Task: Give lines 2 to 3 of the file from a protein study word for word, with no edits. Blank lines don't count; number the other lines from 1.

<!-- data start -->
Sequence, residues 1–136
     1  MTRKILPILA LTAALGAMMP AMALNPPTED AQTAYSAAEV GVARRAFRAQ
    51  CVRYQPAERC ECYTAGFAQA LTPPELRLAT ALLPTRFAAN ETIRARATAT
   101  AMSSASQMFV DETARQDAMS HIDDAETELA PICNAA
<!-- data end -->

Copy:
     1  MTRKILPILA LTAALGAMMP AMALNPPTED AQTAYSAAEV GVARRAFRAQ
    51  CVRYQPAERC ECYTAGFAQA LTPPELRLAT ALLPTRFAAN ETIRARATAT